In communist Romania, 23 August was celebrated as a national holiday: the day when the Soviets marched into Romania and wrested it from Nazi control.
(The part about the Soviets taking more than 100,000 Romanians prisoners of war was whitewashed from the history books).
After 1989, stadiums, streets and other landmarks were stripped of the ’23 August’ name due to the association with the former era.
The date became a day of infamy. But a Romanian lawmaker and historian on Monday argued that the date should be reinstated with its proper historical context.
“23 August 1944, was as the King said, the most falsified act in our entire national history,” Alexandru Muraru, a Liberal lawmaker said in a statement.
Supported by several political parties, the king, only 22 at the time, removed pro-Nazi dictator Marshal Ion Antonescu and switched sides.
This happened after the Axis front collapsed in northeast Romania overwhelmed by a Soviet offensive.
After the coup, the Red Army intensified its advance into Romania and took more than 100,00 prisoners of war. Most were deported to the Soviet Union. Hostilities ceased in mid-September when Romania signed an armistice with the Allies.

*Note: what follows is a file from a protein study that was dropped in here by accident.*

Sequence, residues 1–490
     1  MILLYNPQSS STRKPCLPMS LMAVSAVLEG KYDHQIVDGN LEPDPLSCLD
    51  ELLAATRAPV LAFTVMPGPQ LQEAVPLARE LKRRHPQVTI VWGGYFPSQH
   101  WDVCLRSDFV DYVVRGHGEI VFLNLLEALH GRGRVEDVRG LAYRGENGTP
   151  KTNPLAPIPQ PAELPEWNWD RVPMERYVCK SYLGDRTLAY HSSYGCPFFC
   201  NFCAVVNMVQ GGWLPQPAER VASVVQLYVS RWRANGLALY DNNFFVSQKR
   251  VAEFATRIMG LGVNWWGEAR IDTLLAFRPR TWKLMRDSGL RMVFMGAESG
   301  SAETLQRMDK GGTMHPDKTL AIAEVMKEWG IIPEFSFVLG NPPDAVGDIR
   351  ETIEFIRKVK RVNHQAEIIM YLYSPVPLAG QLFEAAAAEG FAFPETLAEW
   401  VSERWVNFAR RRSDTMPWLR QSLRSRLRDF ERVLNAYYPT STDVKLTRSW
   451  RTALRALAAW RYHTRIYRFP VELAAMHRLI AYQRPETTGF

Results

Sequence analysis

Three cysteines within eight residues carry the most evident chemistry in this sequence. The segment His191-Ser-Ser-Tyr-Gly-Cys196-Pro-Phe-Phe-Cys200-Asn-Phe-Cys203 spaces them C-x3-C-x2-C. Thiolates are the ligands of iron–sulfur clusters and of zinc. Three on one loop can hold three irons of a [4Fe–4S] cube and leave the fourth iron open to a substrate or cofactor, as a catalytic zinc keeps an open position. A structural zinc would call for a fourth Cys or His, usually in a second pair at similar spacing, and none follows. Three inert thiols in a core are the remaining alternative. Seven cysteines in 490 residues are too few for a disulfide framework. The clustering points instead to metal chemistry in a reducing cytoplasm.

The Soviet-backed government forced King Michael to abdicate two years after the war ended. He was then sent into exile.
In a nod to his role in modern history, President Klaus Iohannis on Monday also spoke about King Michael’s “great act of courage.”
Mr Muraru said the date had been denied its proper historical significance due to “waves of manipulation and communist propaganda.”
After Romania joined the Allied side, more than half a million Romanian troops marched 1,500 kilometers west. They liberated 4,000 towns and villages in Transylvania, Hungary, Czechoslovakia and Austria.
The cost was huge in human and financial terms.
At least 170,000 soldiers were wounded, killed or went missing in the Prague Offensive fighting for the Allied side. The campaign cost almost one billion dollars, four times Romania’s national budget in 1938, the statement said.
“And so, this is how a cardinal moment in our history was overshadowed, marginalized, and unvalued. (This was) because of distorted interpretations conferred by communist propaganda.”
The date “was never ‘the entrance gate for communism’,” he said.
“The takeover by the Soviets and local communists was more about carving out the spheres of influence,” he said alluding to an agreement between Churchill and Stalin.
After the king was banished from Romania, his role in the historic moment was downplayed. The communists carried out a smear campaign against him.
In October 1944, Winston Churchill proposed an agreement with Soviet leader Joseph Stalin how to split up Eastern Europe in spheres of influence.
It was reportedly agreed that Soviets would have a „90% share of influence” in Romania, and 10% in Greece.